Young Boys and Literacy

A lot has been written about young boys and literacy. Here’s what I have heard:


Boys do not perform as well as girls in reading and writing.

Boys score lower than girls on standardized tests in language arts.

Boys are less likely to go to university than girls.

Boys drop out more than girls.

Boys are more likely to be placed in special education programs.

Boys often can read, but don’t. They make excuses, like, “I’m too busy.” “I’ll read later.” “I don’t like reading.” “I’m too tired.”

As boys get older and move from primary to secondary school, they increasingly identify as non-readers.

Boys take longer to read than girls.

Boys are less interested in leisure reading than girls.


I’ve heard this, too:


Boys read more when the reading relates to a task or when they need information.

Boys read newspapers, manuals, magazines, comics, e-mails, text messages, and chat-room conversations.

Boys don’t reject literacy so much as they reject school literacy.


It’s enough to give a boy an insecurity complex.


I don’t have stats to back these assertions up, but I do admit it tracks with my own observations.


So the question is, what can we do about it? How do we get young boys interested in reading and writing?


Well, I’m no expert, but from my male perspective I do have a few ideas. First, some context:


I remember when I was young. I was a hyper-active kid, and I don’t mean that in a bad way. I simply had boundless energy and I needed to burn it off or I would drive my parents crazy. So I ran, bicycled, swam, played, chased my brothers and screamed with glee as they chased me. We wrestled and yes, sometimes we fought – with our fists. We built castles and forts, then attacked and defended them until they were broken before starting all over. We played cops and robbers, zombie tag, cootie tag, monster vs monster, and spaceman vs aliens. We collected rocks, bugs, sticks and bottle caps. We pretended to be super-heroes, wizards, spies, cops, soldiers, monsters, astronauts and mad scientists. We raced each other from here to there and back again. We climbed everything that could be climbed, crawled into and under everything that could be crawled into and under and ate all kinds of stuff we shouldn’t have. For the record, boll weevils are yummy in soup, houseflies taste bad, dirt has an unpleasant texture and roasted grubs are not too bad at all, if you spice them properly. Fat is flavor. We turned everything into a competition, challenge, or battle. The three words “I dare you” were spoken way too often and we rarely passed up a dare. But no matter what we did, we laughed, kibitzed, poked fun at each other and played pranks on each other at every opportunity.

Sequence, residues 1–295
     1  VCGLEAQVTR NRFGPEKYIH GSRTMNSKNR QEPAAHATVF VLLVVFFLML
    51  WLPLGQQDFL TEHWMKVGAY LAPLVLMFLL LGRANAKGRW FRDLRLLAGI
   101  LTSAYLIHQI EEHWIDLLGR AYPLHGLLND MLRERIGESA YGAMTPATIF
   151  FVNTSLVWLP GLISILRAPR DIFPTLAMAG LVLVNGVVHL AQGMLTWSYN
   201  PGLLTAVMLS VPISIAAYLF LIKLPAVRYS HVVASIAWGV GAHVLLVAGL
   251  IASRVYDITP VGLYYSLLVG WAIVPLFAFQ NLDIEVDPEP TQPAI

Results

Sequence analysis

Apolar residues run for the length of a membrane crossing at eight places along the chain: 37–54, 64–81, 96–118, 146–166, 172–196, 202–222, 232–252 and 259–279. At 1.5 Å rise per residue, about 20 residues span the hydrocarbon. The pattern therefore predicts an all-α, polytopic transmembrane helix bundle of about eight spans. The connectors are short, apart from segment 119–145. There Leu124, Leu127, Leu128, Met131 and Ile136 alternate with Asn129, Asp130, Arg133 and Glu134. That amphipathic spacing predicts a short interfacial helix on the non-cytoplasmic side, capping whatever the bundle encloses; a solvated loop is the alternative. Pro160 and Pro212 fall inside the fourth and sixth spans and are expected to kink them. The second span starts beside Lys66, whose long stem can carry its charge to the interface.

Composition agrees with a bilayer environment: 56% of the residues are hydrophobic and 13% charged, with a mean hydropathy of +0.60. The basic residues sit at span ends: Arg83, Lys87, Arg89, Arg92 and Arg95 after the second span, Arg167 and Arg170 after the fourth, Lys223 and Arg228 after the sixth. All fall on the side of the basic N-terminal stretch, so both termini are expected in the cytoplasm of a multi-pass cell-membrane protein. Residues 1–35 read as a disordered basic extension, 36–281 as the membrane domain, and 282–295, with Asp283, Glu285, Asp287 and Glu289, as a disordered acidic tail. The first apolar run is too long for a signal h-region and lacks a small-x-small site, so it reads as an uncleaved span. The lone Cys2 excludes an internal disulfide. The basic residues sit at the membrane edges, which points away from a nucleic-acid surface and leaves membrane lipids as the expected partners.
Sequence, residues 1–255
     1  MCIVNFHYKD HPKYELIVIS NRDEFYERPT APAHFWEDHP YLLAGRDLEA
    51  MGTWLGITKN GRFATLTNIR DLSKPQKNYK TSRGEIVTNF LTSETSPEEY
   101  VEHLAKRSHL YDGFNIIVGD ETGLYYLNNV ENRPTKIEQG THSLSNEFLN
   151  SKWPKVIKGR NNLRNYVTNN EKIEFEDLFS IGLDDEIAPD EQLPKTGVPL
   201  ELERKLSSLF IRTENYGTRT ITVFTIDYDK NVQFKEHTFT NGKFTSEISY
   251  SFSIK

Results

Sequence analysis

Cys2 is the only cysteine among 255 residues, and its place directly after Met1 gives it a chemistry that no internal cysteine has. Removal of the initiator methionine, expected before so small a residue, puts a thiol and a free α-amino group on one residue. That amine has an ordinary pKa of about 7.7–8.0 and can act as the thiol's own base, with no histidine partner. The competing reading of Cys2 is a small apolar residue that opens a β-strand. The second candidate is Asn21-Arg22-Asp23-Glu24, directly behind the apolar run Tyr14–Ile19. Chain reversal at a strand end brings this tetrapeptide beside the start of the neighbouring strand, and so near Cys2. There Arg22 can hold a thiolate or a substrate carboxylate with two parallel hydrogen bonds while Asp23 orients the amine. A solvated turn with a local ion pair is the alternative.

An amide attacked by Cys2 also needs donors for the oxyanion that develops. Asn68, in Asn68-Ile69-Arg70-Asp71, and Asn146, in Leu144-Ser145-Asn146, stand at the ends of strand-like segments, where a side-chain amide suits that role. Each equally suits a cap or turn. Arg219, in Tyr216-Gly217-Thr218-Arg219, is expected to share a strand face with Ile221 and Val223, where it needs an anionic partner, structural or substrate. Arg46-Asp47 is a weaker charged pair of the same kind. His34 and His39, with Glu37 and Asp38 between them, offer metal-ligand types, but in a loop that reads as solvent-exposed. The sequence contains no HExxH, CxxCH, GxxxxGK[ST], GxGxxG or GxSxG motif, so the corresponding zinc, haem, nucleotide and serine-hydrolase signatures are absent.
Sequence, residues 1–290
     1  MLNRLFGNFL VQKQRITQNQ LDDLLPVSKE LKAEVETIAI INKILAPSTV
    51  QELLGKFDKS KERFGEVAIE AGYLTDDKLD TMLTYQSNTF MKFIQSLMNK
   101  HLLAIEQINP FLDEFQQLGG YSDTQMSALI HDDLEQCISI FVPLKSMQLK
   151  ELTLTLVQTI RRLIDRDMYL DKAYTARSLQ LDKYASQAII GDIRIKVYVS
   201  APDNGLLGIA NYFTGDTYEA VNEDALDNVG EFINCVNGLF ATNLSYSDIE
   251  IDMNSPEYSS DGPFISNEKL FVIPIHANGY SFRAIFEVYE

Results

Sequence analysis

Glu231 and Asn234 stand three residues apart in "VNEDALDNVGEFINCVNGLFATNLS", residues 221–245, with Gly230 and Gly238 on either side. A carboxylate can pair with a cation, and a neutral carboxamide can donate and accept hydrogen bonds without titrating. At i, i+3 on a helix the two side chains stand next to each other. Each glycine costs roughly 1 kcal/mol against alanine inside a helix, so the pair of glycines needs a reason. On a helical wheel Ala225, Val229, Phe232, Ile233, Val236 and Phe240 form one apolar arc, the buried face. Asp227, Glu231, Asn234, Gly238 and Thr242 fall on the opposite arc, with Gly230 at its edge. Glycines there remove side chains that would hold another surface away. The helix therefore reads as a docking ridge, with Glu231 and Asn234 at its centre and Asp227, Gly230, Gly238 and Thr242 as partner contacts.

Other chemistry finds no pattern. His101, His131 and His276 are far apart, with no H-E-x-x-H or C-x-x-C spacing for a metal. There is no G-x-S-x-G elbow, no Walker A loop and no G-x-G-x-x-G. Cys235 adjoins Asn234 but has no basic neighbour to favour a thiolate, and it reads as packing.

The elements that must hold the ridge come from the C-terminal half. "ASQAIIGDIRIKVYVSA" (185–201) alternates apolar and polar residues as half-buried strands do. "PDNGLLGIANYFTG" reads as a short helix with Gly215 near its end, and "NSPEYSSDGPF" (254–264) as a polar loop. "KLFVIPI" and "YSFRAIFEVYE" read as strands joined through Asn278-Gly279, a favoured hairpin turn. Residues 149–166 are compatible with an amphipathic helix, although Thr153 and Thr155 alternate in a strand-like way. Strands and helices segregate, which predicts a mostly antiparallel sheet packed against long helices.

See the pattern?


Boys tend to be action-oriented, competitive, world builders who love to joke and laugh and play tricks. We make up elaborate worlds held together by zany logic in order to have a stage upon which to act out our action fantasies. And we are goofy.


Sure, there are exceptions and I am generalizing, but when it comes to learning to read and write, I believe that many boys would have an easier time of it if the curriculum appealed to their true nature.


Give a boy a comic book series, graphic novel, science fiction, fantasy, or a fast paced laugh-riot chapter book with a protagonist who does the kind of stuff he fantasizes about doing. Make it fun. Make it exciting. The kid will be more inclined to read and you probably won’t need to tell him twice.


When I was a kid I was fortunate to be an avid reader. Even though I was always on the go, I somehow found time to read – a lot – because the books I read were so interesting, I couldn’t not read them. I learned to read fast so that I could read tons. Mostly I read science-fiction, science-fantasy, science-horror and science-action-adventure. My father was a huge science fiction reader and he chewed through books like I chewed through bubble gum. I never had to worry about finding stuff to read unless my brothers got hold of the book first or my dad gave them to a friend in exchange for another before I could get my hands on it.


By the time I reached grade eight I had read probably a thousand science fiction novels. The side effect of this was a fast reading rate, good vocabulary, a good understanding of science, history and story structure, and a million ideas for stories I wanted to someday write.